Jack Hinson never planned to become a deadly sniper. A prosperous and influential plantation owner in the 1850s, Hinson was devoted to raising his growing family and working his land. Yet by 1865, Hinson had likely killed more than one hundred men and had single-handedly taken down an armed Union transport in his one-man war against Grant's army and navy. By the end of the Civil War, the Union had committed infantry and cavalry from nine regiments and a specially equipped amphibious task force of marines to capture Hinson, who was by that time nearly sixty years old. They never caught him. Since then, the story of Jack Hinson has evaded astute historians, and until now, he has remained invisible in the history of sniper warfare.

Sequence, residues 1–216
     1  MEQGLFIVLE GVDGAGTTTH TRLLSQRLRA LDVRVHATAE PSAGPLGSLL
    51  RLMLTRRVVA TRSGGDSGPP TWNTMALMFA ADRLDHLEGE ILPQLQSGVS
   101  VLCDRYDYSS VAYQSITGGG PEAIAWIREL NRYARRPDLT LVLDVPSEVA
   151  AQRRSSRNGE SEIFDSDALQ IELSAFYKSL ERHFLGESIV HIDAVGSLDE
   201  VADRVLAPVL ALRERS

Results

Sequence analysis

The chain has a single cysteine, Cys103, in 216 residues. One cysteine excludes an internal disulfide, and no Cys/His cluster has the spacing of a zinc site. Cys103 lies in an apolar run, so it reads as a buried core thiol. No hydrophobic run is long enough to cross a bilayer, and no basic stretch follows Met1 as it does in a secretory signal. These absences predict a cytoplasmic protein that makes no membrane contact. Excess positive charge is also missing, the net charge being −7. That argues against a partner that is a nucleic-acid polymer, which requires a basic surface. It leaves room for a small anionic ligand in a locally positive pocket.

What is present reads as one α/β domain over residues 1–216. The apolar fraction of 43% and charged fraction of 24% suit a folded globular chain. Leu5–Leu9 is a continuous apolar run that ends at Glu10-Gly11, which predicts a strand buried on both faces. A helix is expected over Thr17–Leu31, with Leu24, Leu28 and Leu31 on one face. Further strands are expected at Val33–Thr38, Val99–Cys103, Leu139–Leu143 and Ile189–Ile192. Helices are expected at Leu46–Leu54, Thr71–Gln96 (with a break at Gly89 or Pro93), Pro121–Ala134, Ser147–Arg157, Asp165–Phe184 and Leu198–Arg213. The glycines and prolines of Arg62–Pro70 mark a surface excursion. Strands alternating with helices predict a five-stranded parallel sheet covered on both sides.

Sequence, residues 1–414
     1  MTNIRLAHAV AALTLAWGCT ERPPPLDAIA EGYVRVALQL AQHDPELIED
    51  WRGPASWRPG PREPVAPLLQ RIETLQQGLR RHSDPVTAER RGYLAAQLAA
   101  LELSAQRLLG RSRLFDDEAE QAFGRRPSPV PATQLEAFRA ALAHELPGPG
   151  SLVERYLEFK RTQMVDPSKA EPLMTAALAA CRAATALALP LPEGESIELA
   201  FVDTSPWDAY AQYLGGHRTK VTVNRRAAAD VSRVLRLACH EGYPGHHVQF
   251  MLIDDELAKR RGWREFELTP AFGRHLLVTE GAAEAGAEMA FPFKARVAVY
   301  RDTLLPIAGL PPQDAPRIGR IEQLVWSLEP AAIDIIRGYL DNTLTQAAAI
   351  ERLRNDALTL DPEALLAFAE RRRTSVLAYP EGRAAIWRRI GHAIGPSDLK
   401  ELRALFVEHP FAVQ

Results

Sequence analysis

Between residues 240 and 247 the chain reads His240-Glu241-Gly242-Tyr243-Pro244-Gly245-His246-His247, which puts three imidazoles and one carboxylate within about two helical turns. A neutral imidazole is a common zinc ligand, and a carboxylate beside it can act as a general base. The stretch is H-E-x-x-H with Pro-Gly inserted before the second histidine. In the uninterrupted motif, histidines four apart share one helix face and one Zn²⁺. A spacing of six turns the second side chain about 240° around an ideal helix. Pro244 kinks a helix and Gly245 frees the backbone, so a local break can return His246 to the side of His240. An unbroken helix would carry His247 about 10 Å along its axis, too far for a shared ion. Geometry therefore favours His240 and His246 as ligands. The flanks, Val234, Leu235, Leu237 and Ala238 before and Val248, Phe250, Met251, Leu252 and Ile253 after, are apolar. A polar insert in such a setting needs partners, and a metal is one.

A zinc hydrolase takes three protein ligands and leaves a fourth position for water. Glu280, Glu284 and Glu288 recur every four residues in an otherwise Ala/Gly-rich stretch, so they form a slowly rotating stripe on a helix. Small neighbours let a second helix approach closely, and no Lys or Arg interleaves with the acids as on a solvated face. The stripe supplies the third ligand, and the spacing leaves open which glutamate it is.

John S. "Old Jack" Hinson watched the start of the Civil War with impartial disinterest. A friend of Ulysses S. Grant and Confederate officers alike, Hinson was opposed to secession, focused instead on his personal affairs. After a unit of Union occupation troops moved in on his land and summarily captured, executed, and placed the decapitated heads of his sons on his gateposts, however, Hinson abandoned his quiet life for one of revenge.
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Pelican Publishing Company, Incorporated
September 22, 2010
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